Matt. 18:12 How think ye? if a man have an hundred sheep, and one of them be gone astray, doth he not leave the ninety and nine, and goeth into the mountains, and seeketh that which is gone astray?15 Moreover if thy brother shall trespass against thee, go and tell him his fault between thee and him alone: if he shall hear thee, thou hast gained thy brother.16 But if he will not hear thee, then take with thee one or two more, that in the mouth of two or three witnesses every word may be established.17 And if he shall neglect to hear them, tell it unto the church: but if he neglect to hear the church, let him be unto thee as an heathen man and a publican.

If a man goes astray God would certainly like to see him back on track, so we too should seek out the lost person and try to influence him to repent for his sins and return to the fold. The prodigal son did just that – he confessed his sins, repented and returned to his Father. If a brother sins against us (or perhaps sins against a whole church gathering), then Jesus tells us to first speak to him alone. It is of course essential that the person understands in what way he has sinned so that he also understands the point we are trying to make. Just saying ”I hereby rebuke you, you evil heretic!” is not enough if the person does not understand exactly what he did wrong, plus it is questionable if it is the smartest way to express oneself.

It is of course a possibility that a church leader reacts to something that is no sin at all (but rather a case of misunderstanding or twisting someone’s speech), and then it is hard to repent for something that the accused person does not see as a sin. If the case is that it was truly a sin and if the accused person refuses to listen or repent, then two or three witnesses are needed to establish the case. If the accused person is still unwilling to listen or repent, then the whole church should be told. If the accused person is still unwilling to turn around, then he must be regarded as a heathen – but note that it is still possible to have friendly and polite conversations with heathens! We are not told to ignore heathens and treat them as they do not exist, and note that it does not say that we should treat them WORSE than heathens. Surely it is possible to treat also heathens with kindness and love?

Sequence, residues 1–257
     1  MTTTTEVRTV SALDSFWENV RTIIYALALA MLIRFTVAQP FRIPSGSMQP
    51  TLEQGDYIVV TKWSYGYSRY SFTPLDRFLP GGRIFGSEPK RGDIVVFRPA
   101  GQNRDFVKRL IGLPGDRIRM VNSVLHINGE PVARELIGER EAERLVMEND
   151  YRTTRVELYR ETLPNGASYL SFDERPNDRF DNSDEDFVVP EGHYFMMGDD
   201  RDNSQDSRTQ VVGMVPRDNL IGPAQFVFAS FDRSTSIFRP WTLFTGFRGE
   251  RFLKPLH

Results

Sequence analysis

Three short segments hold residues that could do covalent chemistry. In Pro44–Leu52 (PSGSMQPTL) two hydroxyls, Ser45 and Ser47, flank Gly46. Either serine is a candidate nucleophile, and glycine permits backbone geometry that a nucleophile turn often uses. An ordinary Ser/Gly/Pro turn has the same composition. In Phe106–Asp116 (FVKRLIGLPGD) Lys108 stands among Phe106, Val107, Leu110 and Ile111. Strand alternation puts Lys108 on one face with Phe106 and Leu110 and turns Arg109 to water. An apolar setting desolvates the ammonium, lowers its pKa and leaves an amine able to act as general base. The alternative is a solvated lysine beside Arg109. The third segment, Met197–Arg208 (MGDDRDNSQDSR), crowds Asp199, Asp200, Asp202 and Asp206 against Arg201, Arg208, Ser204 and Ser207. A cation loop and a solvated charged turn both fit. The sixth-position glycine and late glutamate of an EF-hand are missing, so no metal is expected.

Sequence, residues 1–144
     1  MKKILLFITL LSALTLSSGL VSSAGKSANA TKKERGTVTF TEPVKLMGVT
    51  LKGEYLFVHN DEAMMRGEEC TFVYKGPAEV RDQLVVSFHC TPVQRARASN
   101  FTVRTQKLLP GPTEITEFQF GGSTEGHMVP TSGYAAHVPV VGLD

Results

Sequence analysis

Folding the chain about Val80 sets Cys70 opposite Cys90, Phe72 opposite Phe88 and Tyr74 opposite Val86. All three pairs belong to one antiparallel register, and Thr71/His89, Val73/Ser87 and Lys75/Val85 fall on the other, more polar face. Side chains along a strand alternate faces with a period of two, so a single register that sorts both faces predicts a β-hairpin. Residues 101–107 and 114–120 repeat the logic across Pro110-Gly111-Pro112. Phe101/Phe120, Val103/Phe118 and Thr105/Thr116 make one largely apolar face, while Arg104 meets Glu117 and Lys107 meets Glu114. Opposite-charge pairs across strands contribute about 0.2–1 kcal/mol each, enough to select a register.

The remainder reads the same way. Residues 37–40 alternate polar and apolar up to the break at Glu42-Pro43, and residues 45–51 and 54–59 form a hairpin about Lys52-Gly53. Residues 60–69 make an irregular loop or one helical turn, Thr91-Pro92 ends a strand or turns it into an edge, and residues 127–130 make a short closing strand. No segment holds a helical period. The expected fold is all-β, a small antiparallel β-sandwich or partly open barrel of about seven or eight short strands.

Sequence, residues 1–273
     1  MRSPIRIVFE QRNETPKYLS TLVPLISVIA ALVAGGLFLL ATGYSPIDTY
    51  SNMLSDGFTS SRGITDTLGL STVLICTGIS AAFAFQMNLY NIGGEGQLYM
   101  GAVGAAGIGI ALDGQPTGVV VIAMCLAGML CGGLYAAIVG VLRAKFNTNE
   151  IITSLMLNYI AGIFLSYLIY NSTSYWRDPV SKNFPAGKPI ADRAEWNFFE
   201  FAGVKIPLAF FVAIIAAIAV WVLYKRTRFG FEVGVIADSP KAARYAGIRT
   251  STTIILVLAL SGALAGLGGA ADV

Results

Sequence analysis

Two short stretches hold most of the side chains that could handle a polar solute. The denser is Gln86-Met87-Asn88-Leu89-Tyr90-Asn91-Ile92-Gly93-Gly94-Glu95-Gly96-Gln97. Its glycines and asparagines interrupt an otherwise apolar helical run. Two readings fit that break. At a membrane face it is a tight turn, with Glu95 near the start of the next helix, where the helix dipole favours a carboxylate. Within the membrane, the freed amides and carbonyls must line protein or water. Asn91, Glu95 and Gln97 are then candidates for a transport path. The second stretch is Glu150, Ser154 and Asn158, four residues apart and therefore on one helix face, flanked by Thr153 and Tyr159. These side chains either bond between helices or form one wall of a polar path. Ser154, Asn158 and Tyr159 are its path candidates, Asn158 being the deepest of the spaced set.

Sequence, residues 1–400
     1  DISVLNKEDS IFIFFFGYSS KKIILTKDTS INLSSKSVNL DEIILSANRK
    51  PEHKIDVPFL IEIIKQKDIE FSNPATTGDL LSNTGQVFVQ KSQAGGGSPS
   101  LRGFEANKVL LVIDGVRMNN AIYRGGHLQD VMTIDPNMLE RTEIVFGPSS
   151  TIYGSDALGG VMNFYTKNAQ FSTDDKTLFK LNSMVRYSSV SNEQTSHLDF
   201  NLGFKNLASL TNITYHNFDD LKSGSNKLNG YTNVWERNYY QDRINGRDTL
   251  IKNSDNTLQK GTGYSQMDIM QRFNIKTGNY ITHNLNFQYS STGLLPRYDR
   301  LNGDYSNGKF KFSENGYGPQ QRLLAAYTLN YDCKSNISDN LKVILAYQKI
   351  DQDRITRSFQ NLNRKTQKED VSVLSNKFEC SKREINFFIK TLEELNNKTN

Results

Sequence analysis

Where in the Bible can we read that also all the children (small children and teenagers) of an excommunicated person must be excommunicated as well, and no longer have any contact with the church members? (Nowhere.) The children might have been really good friends with other youngsters in a church for many years, and does God really suggest that they are no longer allowed to play or socialize with each other any more?

We should also add the risk for that the witnesses blindly obey the church leader (especially in a cult environment) who in his turn might not be entirely obedient to the Scriptures. The opposite is also true, that the church leader might blindly believe the witnesses’ description of a case. The instructions from Paul of course only work if the whole chain is unbroken – and not if the church leader is in error and makes unfair judgments. That is also why Paul told both Timothy and Titus to not be too quick with the ”laying on of hands” (selecting a person to become a church leader), because then the whole church gathering will risk to be off course.

A charged person certainly has the right to defend himself (this is true even in a secular court room), particularly in a church gathering that is not in all circumstances based on the word of God (like in a cult). If the pastor requests that a person must repent, and does not even give him a chance to defend himself or correct misunderstandings, then something is utterly wrong.

Rom. 16:17 Now I beseech you, brethren, mark them which cause divisions and offences CONTRARY TO THE DOCTRINE which ye have learned; and avoid them.18 For they that are such serve not our Lord Jesus Christ, but their own belly; and by good words and fair speeches deceive the hearts of the simple.19 For your obedience is come abroad unto all men. I am glad therefore on your behalf: but yet I would have you wise unto that which is good, and simple concerning evil.